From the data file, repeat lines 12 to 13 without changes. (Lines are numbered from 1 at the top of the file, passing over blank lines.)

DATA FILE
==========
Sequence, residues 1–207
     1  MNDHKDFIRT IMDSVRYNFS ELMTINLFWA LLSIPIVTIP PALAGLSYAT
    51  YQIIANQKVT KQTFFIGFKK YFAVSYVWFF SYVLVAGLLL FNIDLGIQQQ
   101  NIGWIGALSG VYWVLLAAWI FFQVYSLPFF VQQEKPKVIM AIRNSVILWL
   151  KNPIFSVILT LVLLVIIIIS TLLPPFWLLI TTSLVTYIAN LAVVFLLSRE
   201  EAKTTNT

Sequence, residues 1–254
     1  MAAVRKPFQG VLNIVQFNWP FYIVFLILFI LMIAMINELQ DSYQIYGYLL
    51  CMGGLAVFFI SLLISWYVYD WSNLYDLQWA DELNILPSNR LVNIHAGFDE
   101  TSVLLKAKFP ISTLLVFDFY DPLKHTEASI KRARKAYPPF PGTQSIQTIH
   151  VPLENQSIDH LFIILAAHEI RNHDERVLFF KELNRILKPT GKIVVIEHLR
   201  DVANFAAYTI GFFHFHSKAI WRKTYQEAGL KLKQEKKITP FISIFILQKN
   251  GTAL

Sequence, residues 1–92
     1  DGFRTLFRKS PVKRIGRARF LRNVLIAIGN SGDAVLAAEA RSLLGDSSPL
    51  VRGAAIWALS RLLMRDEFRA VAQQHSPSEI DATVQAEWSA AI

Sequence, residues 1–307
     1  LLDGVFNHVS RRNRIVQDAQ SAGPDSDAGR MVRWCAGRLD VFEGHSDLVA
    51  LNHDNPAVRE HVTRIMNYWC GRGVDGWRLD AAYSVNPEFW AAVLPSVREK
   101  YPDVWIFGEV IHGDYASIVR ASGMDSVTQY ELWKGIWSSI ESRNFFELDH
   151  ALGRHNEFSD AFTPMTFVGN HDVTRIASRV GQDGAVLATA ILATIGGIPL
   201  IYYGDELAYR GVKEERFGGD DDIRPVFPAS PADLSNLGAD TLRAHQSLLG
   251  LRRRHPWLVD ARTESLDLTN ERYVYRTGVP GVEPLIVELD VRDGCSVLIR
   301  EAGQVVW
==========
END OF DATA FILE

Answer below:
   201  DVANFAAYTI GFFHFHSKAI WRKTYQEAGL KLKQEKKITP FISIFILQKN
   251  GTAL